“Economic Theory’s Stance On No-Fault Divorce”
This article explores key insights that economic theory can shed on the issue of no-fault divorce in the United States, addressing modifications in the incentive structure of individuals that resulted from the legislative reforms of the 1970s. After stressing the importance of correctly interpreting and classifying divorce laws, this work investigates the contributions of the theory of property rights, the contributions of game theory and intra-household bargaining, and the contributions of general equilibrium analysis in our understanding of how divorce laws work and what their impact is. By doing so, this exposé analyzes the theoretical consequences of no-fault divorce on the decision whether to get married or divorced, on the characteristics of spouses and divorcees, on divorce rates, and on marital-specific and non marital-specific investments. Copyright Springer Science+Business Media, Inc. 2005
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Volume (Year): 3 (2005)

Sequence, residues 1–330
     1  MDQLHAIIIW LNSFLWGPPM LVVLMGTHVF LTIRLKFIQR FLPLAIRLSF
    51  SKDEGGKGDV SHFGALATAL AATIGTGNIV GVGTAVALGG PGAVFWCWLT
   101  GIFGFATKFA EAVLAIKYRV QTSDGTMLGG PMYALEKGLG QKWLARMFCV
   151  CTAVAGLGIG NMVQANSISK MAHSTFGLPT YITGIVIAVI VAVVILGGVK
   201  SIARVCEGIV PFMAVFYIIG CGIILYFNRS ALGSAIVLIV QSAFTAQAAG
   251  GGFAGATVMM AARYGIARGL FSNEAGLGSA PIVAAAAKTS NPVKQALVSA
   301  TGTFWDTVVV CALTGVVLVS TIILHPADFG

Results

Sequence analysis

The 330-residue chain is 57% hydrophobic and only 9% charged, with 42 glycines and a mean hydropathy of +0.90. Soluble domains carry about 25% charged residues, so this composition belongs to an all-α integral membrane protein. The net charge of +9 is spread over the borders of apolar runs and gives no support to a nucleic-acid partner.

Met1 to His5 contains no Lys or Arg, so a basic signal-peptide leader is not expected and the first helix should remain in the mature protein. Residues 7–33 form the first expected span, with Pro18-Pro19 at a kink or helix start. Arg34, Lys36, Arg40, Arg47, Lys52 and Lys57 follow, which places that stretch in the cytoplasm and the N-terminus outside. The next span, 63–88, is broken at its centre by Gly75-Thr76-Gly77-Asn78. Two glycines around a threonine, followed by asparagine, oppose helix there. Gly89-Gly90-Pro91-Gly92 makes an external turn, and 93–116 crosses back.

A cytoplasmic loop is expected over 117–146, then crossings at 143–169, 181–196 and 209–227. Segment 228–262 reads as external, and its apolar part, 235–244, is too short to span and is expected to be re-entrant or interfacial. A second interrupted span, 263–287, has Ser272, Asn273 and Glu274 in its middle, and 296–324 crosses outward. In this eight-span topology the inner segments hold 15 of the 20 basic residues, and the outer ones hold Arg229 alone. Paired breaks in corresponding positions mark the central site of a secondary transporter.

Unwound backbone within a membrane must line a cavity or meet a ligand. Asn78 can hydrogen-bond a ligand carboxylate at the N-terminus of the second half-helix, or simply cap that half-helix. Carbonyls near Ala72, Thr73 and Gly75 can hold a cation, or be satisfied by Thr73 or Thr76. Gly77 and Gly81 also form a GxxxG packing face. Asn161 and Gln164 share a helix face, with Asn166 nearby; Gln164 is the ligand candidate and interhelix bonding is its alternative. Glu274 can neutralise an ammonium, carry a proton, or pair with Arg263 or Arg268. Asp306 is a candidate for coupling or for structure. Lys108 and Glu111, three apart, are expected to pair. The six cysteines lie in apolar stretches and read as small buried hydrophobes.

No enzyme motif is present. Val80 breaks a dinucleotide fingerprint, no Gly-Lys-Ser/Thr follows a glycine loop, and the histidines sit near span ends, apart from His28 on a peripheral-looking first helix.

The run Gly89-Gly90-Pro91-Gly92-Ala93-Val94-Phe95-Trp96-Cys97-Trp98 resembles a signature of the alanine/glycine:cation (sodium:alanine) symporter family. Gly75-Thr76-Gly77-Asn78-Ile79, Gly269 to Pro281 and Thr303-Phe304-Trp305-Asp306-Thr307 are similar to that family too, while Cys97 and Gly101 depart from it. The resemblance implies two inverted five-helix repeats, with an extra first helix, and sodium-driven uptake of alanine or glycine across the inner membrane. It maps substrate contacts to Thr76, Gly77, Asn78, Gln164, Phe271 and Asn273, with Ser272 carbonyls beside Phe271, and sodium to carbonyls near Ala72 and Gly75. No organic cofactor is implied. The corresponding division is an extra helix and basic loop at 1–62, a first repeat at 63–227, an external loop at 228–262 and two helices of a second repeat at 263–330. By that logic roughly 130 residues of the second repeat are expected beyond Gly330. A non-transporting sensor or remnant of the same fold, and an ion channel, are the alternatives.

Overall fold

Issue (Month): 3 (09)
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References listed on IDEAS
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- Betsey Stevenson, 2007.
"The Impact of Divorce Laws on Marriage-Specific Capital,"
Journal of Labor Economics,
University of Chicago Press, vol. 25, pages 75-94.
- Betsey Stevenson, 2006. "The impact of divorce laws on marriage-specific capital," Working Paper Series 2006-43, Federal Reserve Bank of San Francisco.
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- Wolfers, Justin, 2003. "Did Unilateral Divorce Laws Raise Divorce Rates? A Reconciliation and New Results," Research Papers 1819, Stanford University, Graduate School of Business.
- Jonathan Gruber, 2000. "Is Making Divorce Easier Bad for Children? The Long Run Implications of Unilateral Divorce," NBER Working Papers 7968, National Bureau of Economic Research, Inc.
- Plamen Nikolov & Karen Gardiner & Mike Fishman, 2003. "State Policies to promote marriage," HEW 0306003, EconWPA. Full references (including those not matched with items on IDEAS)